BISMARCK, N.D. — The mother of a Jamaican man who authorities say masterminded a large-scale lottery scam in the U.S. has agreed to plead guilty in the case.
Prosecutors say the scheme operated out of the mansion that Dahlia Hunter shared with her son in Kingston, Jamaica, bilking at least 90 Americans out of more than $5.7 million.
Hunter and prosecutors finalized an agreement Monday under which she will plead guilty next Wednesday to conspiracy, and the government will drop dozens of fraud and money laundering counts.
The deal is similar to those reached by numerous other defendants in the case, including Hunter’s son, Lavrick Willocks, who authorities say was the scam’s kingpin. He is awaiting sentencing after pleading guilty in July.
Willocks told U.S. District Judge Daniel Hovland during his plea hearing that he got involved in lottery scams in October 2009 when he returned to Jamaica after getting a college degree in the U.S., and that he wanted to help his mother through financial problems.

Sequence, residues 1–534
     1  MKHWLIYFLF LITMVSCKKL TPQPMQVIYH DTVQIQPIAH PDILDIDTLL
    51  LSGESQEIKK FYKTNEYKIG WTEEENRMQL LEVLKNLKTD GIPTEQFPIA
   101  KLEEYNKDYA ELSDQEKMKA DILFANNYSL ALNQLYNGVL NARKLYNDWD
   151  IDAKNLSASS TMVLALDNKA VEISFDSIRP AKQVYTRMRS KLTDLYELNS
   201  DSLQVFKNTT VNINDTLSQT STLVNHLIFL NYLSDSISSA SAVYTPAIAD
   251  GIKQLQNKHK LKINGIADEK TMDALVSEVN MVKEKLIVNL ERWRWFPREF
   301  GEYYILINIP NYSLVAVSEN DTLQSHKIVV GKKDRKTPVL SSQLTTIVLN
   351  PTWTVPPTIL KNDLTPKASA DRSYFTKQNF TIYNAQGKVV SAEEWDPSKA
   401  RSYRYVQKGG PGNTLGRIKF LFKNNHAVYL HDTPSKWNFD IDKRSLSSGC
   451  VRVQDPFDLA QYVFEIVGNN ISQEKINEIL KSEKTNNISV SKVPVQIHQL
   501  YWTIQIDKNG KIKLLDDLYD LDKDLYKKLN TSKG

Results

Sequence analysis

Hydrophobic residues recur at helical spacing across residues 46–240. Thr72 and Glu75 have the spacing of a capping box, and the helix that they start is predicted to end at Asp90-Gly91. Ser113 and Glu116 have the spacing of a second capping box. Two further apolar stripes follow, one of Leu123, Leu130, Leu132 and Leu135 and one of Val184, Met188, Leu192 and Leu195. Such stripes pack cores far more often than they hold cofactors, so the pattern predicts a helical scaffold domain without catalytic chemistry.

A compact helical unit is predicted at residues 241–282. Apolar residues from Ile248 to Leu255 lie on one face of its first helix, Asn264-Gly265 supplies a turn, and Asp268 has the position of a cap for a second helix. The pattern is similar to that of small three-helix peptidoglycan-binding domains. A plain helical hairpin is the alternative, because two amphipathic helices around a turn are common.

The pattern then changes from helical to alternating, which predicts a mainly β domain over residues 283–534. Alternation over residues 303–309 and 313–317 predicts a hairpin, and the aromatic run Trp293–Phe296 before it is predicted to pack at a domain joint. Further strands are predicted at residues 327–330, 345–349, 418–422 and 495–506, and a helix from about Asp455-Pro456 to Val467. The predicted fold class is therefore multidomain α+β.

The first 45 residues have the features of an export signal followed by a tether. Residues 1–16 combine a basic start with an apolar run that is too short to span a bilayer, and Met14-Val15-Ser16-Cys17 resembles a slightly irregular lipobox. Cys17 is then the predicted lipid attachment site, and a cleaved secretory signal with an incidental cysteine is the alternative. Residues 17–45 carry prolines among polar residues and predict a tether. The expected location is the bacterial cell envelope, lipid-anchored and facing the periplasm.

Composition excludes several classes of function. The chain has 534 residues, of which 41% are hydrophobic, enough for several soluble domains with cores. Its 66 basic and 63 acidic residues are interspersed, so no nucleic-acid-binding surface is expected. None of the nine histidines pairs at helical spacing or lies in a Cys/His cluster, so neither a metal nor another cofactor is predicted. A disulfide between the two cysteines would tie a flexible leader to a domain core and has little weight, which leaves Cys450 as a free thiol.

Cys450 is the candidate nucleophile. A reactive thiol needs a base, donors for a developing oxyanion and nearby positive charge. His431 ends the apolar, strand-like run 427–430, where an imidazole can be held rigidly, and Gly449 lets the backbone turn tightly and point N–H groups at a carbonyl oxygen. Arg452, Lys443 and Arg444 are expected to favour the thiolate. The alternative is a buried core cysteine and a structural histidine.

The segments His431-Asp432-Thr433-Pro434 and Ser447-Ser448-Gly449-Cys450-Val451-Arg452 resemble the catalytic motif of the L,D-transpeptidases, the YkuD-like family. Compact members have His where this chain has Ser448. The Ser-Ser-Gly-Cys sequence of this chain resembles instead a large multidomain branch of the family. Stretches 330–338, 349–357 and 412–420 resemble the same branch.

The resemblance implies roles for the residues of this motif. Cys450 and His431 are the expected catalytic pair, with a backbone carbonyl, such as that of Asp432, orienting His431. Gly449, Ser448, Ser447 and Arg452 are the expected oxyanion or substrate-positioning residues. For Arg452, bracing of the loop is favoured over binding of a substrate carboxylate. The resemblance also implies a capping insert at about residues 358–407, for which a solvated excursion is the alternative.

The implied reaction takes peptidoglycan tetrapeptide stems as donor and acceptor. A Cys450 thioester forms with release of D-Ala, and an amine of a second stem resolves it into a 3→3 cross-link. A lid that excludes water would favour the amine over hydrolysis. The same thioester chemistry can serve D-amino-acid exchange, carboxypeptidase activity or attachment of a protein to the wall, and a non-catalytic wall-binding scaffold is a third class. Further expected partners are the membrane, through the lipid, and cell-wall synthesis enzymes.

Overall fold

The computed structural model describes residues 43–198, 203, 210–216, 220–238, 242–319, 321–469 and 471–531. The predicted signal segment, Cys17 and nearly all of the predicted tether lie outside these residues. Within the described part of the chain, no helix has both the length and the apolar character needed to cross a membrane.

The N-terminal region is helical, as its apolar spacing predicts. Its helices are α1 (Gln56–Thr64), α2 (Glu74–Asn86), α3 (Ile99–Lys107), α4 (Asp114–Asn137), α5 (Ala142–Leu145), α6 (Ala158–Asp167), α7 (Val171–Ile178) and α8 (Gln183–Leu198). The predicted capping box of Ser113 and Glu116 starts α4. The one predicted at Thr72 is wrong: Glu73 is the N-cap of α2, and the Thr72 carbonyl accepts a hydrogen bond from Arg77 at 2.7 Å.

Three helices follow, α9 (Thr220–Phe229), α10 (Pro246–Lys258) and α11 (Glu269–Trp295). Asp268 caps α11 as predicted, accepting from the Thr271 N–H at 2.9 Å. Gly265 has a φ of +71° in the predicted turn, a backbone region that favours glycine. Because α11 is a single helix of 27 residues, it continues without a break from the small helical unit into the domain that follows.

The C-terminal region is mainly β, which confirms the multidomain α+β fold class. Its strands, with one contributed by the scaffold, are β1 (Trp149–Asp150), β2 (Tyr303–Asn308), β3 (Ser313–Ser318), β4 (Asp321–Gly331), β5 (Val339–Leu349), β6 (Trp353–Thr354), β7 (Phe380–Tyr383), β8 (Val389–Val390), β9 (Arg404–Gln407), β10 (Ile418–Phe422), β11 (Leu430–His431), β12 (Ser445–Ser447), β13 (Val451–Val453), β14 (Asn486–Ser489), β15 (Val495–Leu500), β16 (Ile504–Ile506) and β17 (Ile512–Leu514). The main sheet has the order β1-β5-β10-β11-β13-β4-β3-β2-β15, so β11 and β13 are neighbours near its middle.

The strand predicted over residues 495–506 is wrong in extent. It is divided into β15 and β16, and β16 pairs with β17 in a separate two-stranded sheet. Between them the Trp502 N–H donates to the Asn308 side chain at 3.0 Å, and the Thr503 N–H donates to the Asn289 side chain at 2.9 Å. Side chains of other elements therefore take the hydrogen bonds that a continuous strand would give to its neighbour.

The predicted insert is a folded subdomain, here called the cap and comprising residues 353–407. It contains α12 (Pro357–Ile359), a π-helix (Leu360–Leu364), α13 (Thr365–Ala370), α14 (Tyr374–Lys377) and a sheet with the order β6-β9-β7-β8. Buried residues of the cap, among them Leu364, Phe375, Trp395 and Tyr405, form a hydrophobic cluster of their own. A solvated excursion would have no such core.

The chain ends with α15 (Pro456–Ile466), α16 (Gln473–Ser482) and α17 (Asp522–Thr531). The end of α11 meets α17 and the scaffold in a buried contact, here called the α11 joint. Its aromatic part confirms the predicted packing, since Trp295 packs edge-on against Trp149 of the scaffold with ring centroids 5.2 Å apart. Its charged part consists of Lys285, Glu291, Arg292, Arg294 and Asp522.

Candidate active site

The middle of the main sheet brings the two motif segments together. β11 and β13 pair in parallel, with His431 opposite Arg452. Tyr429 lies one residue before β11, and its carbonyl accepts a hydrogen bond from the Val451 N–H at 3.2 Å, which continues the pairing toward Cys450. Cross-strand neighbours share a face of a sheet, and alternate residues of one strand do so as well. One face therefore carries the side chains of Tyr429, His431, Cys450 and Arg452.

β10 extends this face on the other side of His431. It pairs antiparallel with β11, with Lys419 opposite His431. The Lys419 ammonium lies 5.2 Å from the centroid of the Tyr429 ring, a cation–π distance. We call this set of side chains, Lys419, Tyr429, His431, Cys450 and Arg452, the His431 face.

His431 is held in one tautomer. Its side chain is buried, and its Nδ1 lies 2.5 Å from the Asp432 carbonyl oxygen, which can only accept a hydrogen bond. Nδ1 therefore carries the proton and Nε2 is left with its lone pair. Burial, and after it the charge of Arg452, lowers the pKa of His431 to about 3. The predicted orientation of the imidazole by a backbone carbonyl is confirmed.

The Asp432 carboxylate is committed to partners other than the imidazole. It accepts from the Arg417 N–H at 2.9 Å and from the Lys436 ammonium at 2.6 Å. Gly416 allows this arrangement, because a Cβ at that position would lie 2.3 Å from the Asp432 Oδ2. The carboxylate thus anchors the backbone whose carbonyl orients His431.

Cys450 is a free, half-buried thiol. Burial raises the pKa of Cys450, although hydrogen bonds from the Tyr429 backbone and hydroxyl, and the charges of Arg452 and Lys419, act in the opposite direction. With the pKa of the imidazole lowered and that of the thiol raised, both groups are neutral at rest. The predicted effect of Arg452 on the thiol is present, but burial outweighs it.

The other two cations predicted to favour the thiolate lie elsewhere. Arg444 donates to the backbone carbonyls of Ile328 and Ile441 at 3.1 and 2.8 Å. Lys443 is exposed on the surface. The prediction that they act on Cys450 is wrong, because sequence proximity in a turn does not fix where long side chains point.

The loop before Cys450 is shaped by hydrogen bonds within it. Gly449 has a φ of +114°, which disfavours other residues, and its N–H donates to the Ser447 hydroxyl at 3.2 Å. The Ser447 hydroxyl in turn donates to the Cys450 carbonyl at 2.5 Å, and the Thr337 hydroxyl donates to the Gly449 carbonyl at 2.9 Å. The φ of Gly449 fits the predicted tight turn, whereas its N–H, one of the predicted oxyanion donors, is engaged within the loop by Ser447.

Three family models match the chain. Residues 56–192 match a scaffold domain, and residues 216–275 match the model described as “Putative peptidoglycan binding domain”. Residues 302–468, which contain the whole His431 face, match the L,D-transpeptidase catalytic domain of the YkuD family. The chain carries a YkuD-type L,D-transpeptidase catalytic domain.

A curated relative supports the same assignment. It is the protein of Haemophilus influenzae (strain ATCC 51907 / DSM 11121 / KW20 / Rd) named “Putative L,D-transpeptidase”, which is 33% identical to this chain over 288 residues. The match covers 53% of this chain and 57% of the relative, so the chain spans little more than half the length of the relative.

The suspects are accused of calling victims about bogus lottery winnings, persuading them to send advance fees to receive the purported winnings, then keeping the money without paying out anything to the victims.
The scam began to unravel when a woman in North Dakota lost her life savings of more than $300,000 in 2011. A federal investigation resulted in charges against 27 people, including a current block of 15 suspects who are still being prosecuted in North Dakota.
Two of the 15 are still fugitives in Jamaica. Seven others have pleaded guilty, including Willocks’ girlfriend, Kimberly Hudson, who did so late last month. Hunter and another suspect are set to plead guilty next week, leaving just four suspects still scheduled for trial in January.
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